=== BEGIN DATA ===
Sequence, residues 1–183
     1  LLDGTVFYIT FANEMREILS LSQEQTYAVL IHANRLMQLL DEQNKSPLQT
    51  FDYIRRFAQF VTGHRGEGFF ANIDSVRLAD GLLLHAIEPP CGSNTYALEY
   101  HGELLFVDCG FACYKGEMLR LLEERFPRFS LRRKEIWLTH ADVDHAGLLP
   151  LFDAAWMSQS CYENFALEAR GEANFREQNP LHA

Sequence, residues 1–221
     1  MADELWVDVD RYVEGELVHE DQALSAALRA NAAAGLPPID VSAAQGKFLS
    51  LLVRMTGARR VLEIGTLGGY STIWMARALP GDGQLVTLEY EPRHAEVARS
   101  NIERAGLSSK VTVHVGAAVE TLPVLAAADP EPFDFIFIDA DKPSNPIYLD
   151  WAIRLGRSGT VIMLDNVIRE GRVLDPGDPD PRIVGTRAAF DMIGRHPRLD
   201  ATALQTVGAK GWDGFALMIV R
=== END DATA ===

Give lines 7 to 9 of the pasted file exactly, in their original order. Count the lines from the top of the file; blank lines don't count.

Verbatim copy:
     1  MADELWVDVD RYVEGELVHE DQALSAALRA NAAAGLPPID VSAAQGKFLS
    51  LLVRMTGARR VLEIGTLGGY STIWMARALP GDGQLVTLEY EPRHAEVARS
   101  NIERAGLSSK VTVHVGAAVE TLPVLAAADP EPFDFIFIDA DKPSNPIYLD